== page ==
A plant growth regulator registered for use on apples to control vigor could become a management tool that turns an average alfalfa cutting into premium, dairy quality alfalfa.
University of California Riverside County, Calif., Farm Advisor Mike Rethwisch in Blythe, Calif., is finding that the gibberellic acid inhibitor Apogee from BASF Corp. produces more alfalfa leaves and less stem from high-yielding desert summer alfalfa cuttings.
Rethwisch has been experimenting with the product for about four years and this year is conducting large scale trials that are getting considerable interest from local hay growers who envision getting six diary-quality hay cuttings per year vs. only three, according to Craig Pauly, BASF sales representative in Yuma, Ariz., who reported on Rethwisch's work at a recent BASF field day at the company's research farm in Dinuba, Calif.
The payback on an investment of $20 per acre for the PGR could be $40 per ton when dairy quality is bringing $120 per ton and lesser quality hay $70 per ton.
There is a trade off, however. It reduces yield, as much as 15 percent. “We had a reduction of 300 pounds per acre,” said Rethwisch. However that yield loss comes when alfalfa hay yields are the highest of the year, softening the yield loss. “We can produce two tons of hay per acre per cutting in the summer,” he said.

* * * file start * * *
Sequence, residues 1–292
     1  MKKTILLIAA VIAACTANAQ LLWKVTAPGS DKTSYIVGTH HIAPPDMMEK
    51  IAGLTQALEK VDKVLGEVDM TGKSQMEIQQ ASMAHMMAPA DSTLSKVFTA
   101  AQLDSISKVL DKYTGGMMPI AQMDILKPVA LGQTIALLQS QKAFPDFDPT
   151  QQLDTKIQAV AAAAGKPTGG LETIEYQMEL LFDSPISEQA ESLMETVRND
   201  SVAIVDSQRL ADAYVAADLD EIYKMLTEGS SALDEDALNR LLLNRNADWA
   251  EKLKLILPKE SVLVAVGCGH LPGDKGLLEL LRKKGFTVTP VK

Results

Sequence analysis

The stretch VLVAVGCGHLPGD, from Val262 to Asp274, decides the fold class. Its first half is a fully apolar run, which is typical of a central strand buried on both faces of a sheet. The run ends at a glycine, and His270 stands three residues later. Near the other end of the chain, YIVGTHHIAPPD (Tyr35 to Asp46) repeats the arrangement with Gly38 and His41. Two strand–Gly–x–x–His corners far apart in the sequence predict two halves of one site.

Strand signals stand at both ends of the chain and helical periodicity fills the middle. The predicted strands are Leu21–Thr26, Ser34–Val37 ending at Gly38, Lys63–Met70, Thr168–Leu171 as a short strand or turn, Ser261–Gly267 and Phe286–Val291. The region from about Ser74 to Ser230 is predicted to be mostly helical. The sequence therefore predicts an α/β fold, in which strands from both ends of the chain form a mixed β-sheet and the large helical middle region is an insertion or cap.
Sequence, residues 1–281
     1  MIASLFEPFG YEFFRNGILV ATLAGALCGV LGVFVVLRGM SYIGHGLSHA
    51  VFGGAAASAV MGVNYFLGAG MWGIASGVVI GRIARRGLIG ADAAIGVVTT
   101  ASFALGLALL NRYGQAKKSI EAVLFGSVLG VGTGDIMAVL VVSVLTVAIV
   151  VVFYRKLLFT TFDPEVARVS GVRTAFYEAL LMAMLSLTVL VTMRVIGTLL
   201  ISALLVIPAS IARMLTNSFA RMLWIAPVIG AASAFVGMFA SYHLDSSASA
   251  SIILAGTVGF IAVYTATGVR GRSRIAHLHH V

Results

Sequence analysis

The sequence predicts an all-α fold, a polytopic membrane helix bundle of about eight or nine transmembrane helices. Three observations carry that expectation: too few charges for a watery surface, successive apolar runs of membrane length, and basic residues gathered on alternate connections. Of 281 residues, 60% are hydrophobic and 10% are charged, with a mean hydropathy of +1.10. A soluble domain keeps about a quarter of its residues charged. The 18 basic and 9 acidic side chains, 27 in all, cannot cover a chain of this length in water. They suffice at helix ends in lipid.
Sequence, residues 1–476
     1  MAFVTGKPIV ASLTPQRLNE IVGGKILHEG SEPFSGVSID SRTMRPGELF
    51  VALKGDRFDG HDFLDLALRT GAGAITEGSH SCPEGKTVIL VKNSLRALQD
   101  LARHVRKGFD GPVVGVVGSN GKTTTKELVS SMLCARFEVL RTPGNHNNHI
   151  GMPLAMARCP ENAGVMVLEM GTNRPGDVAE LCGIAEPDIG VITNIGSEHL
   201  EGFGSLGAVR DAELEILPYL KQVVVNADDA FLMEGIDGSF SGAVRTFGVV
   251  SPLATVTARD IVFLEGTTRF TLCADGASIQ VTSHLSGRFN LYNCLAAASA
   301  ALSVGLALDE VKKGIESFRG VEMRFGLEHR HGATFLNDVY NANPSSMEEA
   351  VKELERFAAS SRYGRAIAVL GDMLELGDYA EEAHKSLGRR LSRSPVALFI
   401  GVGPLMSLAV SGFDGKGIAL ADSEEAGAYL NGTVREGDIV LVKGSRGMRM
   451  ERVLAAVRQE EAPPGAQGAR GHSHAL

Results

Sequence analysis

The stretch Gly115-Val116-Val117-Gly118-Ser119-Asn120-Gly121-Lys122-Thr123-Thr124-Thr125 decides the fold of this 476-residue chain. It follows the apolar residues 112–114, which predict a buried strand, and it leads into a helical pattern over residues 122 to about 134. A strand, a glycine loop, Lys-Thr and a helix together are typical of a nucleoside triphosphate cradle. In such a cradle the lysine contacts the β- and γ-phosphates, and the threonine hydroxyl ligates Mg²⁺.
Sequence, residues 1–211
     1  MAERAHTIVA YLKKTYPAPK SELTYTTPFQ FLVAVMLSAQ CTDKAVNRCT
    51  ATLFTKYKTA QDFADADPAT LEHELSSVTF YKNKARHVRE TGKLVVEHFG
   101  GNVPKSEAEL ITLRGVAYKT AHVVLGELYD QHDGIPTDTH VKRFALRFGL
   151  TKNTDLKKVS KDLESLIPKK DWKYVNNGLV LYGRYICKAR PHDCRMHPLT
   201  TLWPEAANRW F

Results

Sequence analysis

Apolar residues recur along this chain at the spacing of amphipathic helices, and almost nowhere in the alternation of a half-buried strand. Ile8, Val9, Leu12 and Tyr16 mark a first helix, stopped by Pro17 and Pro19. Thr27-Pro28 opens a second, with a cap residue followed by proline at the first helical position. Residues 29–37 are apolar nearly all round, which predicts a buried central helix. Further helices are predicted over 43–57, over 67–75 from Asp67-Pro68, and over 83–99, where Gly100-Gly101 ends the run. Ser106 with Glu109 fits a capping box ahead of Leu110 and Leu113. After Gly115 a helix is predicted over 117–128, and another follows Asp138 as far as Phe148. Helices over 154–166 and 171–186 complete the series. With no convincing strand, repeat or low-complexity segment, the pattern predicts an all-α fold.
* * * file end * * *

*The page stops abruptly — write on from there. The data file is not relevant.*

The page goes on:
The yield tradeoff is not dissuading producers Rethwisch said. Producers are very interested in his research because it could mean the difference between trucking hay to market at baling time or letting it sit in the turn-row awaiting a bargain-hunting buyer.
Dairy quality hay will always sell in California's growing dairy industry, and Rethwisch is trying to produce that through six cuttings instead of three.
“Hay production is very high during the summer months in the desert because May, June and July are the longest days of the year,” he said. “Hay grows so fast because it is also so hot then. This rapid growth means longer stems.
“What we are doing is shortening the internodes and the energy that would go to stems goes to producing more leaves,” he said.
Rethwisch said he has used rates of from .0625 active ingredient per acre to .25 pounds a.i. “These rates may be a little higher than what a commercial grower would use, but we wanted to test these high rates,” he said, adding he said rates of .10 to .125 pounds a.i. per acre would likely be used commercially, applied by air. The higher the rate, the longer the PGR's effect on stem elongation, added the farm advisor.
If BASF registers the product, it would likely carry a brand name other than Apogee for alfalfa use and likely would be cheaper than the apple product.
If dairy operators could get dairy quality hay through the summer in California and Arizona, it could preclude them from buying alfalfa from Utah, Nevada, Idaho and other northern tier states.
On the other hand, these states could derive the bigger benefit from a PGR like Apogee. “The farther you go north, the longer the days are and therefore the greater benefit from a PGR,” he added.
The product makes an ideal management tool because it affects only one cutting. This would allow producers to evaluate the cost of the product against current hay market prices and make an economic decision whether to invest in it or to forego the cost.
“This is the first year we have tested the product on a commercial hay field, and we are pleased with the results,” said Rethwisch, whose trials are on Desert Security Farms near Blythe, Calif.
“Tests came back from the May Memorial Day cutting showing the product produced premium hay vs. the check where quality was good,” he said. He is awaiting lab results from the June cutting.